Restricted Remote VPN Access and Usage of Overlay Networks

2019/05/31 by CSO

Due to the continued incidents and growing security risks from the service, access to CERN using VPN (Virtual Private Network) is prohibited.

In particular, software acting as exit nodes of overlay networks (for example Tor exit nodes, Hola 'Unblocker' / Hola 'Better Internet' / Hola 'VPN') is specifically prohibited within CERN as they provide unfiltered direct access into CERN's internal office network (the so-called "GPN").

Similar functionality to the VPN service is provided by application gateways, such as WTS (Windows Terminal Services) and the central Linux service on LXPLUS. The recommended methods for connecting to CERN from the Internet are documented here.

However, access from CERN to e.g. remote institutes is still possible.

Motivation

The risk of worms entering the CERN site from VPN connections is high as they bypass the firewall protections in place for standard Internet connections. The serious impact of such incidents was already experienced in August 2003 when early versions of the Blaster worm rapidly entered the site via VPN connections. Although protections were added to contain those specific cases, the rise in zero day exploits and home computers as a key target for attackers is a dangerous combination, increasing the risk of a similar such incidents occurring in future. In addition to the increasing risks, the ability to make a rapid follow up for VPN incidents is limited and does not scale.

Known Issues

  • In some cases the alternative working methods are less convenient and/or provide reduced performance compared to VPN. Windows DFS File synchronization is not possible from off-site without VPN. File transfer (including mapping a local disk to a WTS session) is possible.
  • Remote installation of software was possible with VPN. This practice is not recommended therefore no alternative will be provided. Users must instead bring their computers physically to CERN.

If a case were to arise where VPN is vital for the mission of the organization and no alternative solution is available within the timescale, a temporary extension could possibly be maintained for the user concerned. This would require that the case is justified and supported by the users Department Head (or Deputy). The configuration of the device and working method of the user connecting to VPN would need to be agreed by a member of the security team in order to minimise the risk.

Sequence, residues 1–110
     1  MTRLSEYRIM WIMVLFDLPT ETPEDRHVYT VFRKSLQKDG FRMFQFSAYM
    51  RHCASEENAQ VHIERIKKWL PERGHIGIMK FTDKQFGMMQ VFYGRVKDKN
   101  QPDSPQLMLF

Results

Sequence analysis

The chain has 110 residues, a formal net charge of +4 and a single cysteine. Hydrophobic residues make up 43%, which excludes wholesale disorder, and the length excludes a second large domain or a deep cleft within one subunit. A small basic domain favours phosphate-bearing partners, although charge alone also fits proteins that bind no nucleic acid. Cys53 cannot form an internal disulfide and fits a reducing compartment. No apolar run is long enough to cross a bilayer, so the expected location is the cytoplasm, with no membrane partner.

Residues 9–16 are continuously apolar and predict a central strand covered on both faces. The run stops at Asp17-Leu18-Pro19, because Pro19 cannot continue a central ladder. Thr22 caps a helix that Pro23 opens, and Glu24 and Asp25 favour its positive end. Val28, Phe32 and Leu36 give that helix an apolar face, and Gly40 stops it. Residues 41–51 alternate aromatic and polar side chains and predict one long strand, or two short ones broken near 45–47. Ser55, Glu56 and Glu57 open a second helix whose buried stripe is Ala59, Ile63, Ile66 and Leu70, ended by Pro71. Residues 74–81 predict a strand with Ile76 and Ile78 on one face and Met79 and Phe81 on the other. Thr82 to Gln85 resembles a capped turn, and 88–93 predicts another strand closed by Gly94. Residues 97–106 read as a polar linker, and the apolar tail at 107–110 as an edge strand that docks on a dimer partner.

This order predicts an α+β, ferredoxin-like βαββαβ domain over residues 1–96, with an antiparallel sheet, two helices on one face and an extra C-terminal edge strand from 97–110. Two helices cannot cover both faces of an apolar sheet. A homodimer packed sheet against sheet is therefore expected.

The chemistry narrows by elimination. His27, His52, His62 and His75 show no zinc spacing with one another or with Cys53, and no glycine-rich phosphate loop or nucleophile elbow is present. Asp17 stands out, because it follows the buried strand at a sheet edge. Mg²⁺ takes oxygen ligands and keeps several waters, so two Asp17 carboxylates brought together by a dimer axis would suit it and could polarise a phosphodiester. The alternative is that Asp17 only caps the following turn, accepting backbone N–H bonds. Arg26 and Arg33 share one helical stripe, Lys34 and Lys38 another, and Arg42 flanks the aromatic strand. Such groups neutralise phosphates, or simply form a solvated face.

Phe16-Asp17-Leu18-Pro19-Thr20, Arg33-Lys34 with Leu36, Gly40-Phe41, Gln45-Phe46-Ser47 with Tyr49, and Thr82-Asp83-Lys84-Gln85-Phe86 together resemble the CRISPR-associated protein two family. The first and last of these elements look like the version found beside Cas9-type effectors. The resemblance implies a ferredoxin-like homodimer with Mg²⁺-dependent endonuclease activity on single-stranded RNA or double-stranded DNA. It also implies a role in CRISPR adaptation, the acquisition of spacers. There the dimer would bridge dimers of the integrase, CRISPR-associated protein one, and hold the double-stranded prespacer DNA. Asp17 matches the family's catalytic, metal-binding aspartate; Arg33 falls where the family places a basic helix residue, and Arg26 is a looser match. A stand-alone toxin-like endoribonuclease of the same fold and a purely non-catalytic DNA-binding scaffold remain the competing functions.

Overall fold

Access from CERN to the Outside

The CERN firewall supports GRE based PPTP VPN connections from CERN to remote institutes. This includes connections from fixed IP addresses as well as from dynamically allocated (DHCP) addresses (e.g. wireless and portable sockets).

VPN client software using IPSEC based connections are not fully supported by the firewall and are only permitted from sockets with dynamically allocated (DHCP) addresses (e.g. wireless and portable sockets).

Overlay network clients (e.g. Tor) are only permitted if they are not running exit nodes, as they would otherwise expose CERN internal resource

In particular, Hola 'Unblocker' / Hola 'Better Internet' / Hola 'VPN' are explicitely prohibited: Hola operates a peer-to-peer VPN service, allowing other people to access the Internet through your Internet connection. The Hola Unblocker Windows client, Firefox addon, Chrome extension and Android application have been found to contain multiple vulnerabilities which allow a remote or local attacker to gain code execution and potentially escalate privileges on a user's system. Additional design flaws allow a Hola user to be tracked across the internet via a persistent ID. Furthermore, as Hola users - wittingly, or otherwise - act as exit-nodes for the overlay network, each is capable of acting as a Man-in-the-Middle for other users of the free or premium Hola network, or its commercial 'bandwidth' service, Luminati, and thereby compromising the privacy and anonymity of their browsing and exposing them to further attacks.